VEGF may have immunosuppressive effects via the stimulation of MDSCs in peripheral immune organs, promoting regulatory T cells and inhibiting DC maturation147. As such, VEGF inhibition in combination with a checkpoint inhibitor may have synergistic effects148. Several trials are currently assessing different aspects of the combination of antiangiogenic and immunotherapy, including a phase I trial evaluating the safety and tolerability of nivolumab as a maintenance therapy in combination with bevacizumab in NSCLC149.

Adoptive immunotherapy

Other immunotherapeutic approaches including chimeric antigen receptor (CAR) and CD3-based bispecific agents have been associated with systemic cytokine release syndrome (CRS)150. CAR is a synthetic molecule designed to redirect T cells to specific antigens expressed on the surface of tumor cells151. CAR T cells can recognize antigens independently of human leukocyte antigen (HLA) unlike to the physiology of T cells and have the ability to affect tumor cells with low HLA expression or with the “wrong” antigen152. Tissue factor (TF) or coagulation factor III is overexpressed in many cancer types including LC153. The therapeutic efficacy of TF-CAR T cells has been estimated in a subcutaneous xenograft model in NOG mice using the human NSCLC cell line NCI-H292 containing the gene encoding luciferase (NCI-H292-luc). Intratumoral administration of TF-CAR T cells demonstrated significant inhibition of the growth of TF-positive NSCLC xenografts in vivo. In addition, TF-CAR T cells’ ability to suppress TF-positive NSCLC metastasis was revealed in a pulmonary metastasis model of the same mice153.

Recently EGFR has been evaluated as potent target for CAR T cell therapy, revealing a correlation between the infusion of CAR-T-EGFR cells and better response in treatment of 11 NSCLC cases154. Importantly, the CAR-T-EGFR protocol was safe and feasible for treating EGFR-positive advanced relapsed/refractory NSCLCs, suggesting that CAR T cell therapy could be a promising anticancer strategy for other solid tumors, particularly those with high EGFR expression.

An interesting approach in adoptive immunotherapy for NSCLCs is the use of T lymphocytes targeted to glypican-3 (gpc3). In terms of findings, firstly, immunohistochemistry assay showed that gpc3 was expressed in 66.3% of lung squamous cell cancer samples and in 3.3% of lung ADC samples but not in normal lung tissues. Second, in two established lung squamous cell cancer xenograft models, CARgpc3 T cells almost completely eliminated the growth of gpc3-positive cells. The ability of CARgpc3 T cells to persist in vivo and efficiently infiltrate the cancerous tissues was demonstrated. It seems that gpc3 might be a promising target for the treatment of squamous cell LC155.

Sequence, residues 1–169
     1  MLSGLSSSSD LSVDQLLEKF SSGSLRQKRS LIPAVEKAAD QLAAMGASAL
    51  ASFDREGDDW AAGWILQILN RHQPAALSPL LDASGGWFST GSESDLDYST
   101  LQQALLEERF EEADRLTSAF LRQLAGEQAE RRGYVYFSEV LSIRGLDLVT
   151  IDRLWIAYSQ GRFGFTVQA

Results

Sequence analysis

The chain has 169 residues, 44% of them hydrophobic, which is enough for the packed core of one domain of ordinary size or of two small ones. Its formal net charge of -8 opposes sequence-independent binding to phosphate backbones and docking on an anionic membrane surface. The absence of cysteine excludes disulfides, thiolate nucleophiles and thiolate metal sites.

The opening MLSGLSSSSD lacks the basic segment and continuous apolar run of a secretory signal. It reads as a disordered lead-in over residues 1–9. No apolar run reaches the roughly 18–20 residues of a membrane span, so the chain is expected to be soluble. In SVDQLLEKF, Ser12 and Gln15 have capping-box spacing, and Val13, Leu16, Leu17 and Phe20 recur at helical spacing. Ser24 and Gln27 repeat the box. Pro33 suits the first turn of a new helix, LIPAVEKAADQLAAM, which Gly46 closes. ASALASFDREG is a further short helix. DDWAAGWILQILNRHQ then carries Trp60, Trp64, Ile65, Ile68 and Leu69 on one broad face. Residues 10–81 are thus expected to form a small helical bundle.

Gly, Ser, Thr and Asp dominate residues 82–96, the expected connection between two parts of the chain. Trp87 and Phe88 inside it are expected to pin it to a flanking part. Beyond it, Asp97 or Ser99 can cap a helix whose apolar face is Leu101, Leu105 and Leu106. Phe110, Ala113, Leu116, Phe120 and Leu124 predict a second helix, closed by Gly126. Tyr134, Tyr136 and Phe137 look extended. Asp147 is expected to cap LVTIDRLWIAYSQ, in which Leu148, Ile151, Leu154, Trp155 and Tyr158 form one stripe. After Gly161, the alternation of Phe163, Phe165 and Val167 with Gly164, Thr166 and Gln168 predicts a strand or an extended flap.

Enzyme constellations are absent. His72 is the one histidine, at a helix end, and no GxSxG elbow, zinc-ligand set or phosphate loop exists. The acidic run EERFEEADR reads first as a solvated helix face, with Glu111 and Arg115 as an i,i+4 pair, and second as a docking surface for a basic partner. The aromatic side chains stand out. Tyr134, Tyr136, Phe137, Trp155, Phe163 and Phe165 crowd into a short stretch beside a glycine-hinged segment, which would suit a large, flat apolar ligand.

Unfortunately, lung ADC is still one of the most aggressive and rapidly fatal tumor types with overall survival less than 5 years. The discovery of oncogenic driver mutations and their role in predicting response to targeted therapies has changed the way in which clinicians approach the diagnosis and treatment of lung ADCs. Although targeted therapies have shown promising results, nearly all patients eventually have disease progression due to acquired resistance. In addition to well-known mechanisms, several novel mechanisms of resistance have recently been discovered, involving new resistance-conferring mutations within the target proteins (such as T790M in EGFR) or activating bypass signal-transduction pathways via unique mutations or changes in the expression level of the key proteins. During the past decade various new strategies aiming to induce cell death in lung ADCs and overcome their broad resistance to treatment, including acquired resistance to targeted therapies, have been developed. One of these is to combine traditional cytotoxic chemotherapy drugs with molecular-targeted compounds, which helps to overcome the limitations of targeted agents. Another approach to combating the resistance of lung ADC includes the combining autophagy inhibitors with RTK inhibitors. Accumulated evidence has revealed great promise in clinical trials using immune therapies for LC, in particular immune checkpoint blockade. The responses to this type of treatment tend to be durable, but still having problem related to reactions from patient to patient. Considerable effort should be made to understand the mechanisms that contribute to durable responses in some patients and lack of response in other patients with the same histological tumor subtype. It has become clear that personalized therapy is coming to the forefront cancer treatment. The selection of the proper therapeutic approach should be based on detailed analysis of histological features, the genetic (mutation) tumor profiles of individual patients, as well as the tumor microenvironment. This information will be essential for better prediction of malignant behavior and improvements in clinical management, which will include combination of targeted and immune therapies.